Check my email. Email is the lifeblood of how I communicate with my business partners, our employees, and our customers. Some days my most important work involves stuff that’s in my inbox, other days, I’m done in 15 minutes and on to programming or marketing or something else fun.
How many people did you start the company with and how many people work for you now?
LockerPulse’s parent company, Pure Adapt, Inc., was founded in 2006 by myself and three partners. One partner has since left. We have three full-time employees and several contractors. While our primary site is DetailedImage, we invest a considerable amount of time in LockerPulse because it’s a service we really believe in.
Remember the early days starting up? Maybe you can share one anecdote that describes the struggle you went through?
Oh wow. There are so many! I think my favorite is when we were looking for our first warehouse for Detailed Image. We had been operating out of my partner’s basement but had finally reached our limits and needed a “real” space. During the Summer of 2007 we found what we thought was the perfect place. Lease negotiations fell through over $50/month. We ended up having a slow winter that year. Had we moved, we probably would have gone out of business. Instead, we were able to weather the storm, move to our current facility in 2008 when sales picked up, and have never looked back. Sometimes you just get really lucky.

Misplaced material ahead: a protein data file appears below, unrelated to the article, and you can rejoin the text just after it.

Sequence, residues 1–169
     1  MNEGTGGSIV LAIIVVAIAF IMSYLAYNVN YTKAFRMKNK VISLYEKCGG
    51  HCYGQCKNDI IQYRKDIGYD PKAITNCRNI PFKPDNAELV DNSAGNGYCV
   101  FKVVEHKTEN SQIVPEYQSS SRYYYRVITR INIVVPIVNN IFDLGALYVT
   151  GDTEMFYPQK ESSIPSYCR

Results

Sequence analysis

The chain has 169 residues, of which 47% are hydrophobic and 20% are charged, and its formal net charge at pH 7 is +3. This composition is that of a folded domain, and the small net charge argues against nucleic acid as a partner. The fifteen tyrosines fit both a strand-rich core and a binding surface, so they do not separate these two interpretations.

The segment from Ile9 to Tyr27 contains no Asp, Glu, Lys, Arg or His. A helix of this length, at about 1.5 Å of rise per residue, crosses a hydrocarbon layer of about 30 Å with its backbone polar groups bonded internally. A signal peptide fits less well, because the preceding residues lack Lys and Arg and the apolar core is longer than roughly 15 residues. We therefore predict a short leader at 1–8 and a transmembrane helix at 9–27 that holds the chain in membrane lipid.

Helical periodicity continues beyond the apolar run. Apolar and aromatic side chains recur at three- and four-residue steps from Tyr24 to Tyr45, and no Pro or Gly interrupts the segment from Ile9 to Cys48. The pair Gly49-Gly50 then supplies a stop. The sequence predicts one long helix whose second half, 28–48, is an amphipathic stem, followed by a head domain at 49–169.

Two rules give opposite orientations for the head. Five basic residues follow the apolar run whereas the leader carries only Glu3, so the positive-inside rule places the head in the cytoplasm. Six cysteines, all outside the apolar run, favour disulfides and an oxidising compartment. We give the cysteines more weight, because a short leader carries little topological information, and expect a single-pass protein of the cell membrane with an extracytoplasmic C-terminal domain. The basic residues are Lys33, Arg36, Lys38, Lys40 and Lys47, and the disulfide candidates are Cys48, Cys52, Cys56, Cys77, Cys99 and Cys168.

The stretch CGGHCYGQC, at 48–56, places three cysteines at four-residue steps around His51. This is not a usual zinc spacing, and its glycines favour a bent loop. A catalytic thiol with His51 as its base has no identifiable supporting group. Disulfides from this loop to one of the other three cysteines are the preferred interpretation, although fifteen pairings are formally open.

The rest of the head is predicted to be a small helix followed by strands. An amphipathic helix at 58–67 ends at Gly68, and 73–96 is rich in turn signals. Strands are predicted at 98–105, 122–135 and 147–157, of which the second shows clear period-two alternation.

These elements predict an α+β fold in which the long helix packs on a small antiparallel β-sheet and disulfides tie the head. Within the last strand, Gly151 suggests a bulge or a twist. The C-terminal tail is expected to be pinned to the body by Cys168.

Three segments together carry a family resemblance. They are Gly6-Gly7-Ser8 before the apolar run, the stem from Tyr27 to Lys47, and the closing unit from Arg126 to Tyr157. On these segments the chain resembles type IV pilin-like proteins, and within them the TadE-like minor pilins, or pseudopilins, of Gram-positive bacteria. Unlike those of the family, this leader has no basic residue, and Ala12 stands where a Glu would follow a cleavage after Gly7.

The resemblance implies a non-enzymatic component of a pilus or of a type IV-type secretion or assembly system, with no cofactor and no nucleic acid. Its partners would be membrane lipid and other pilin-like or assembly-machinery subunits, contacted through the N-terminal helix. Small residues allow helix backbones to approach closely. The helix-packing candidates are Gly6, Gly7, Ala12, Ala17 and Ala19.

How do you handle frustration? When/how was the last time you dealt with frustration?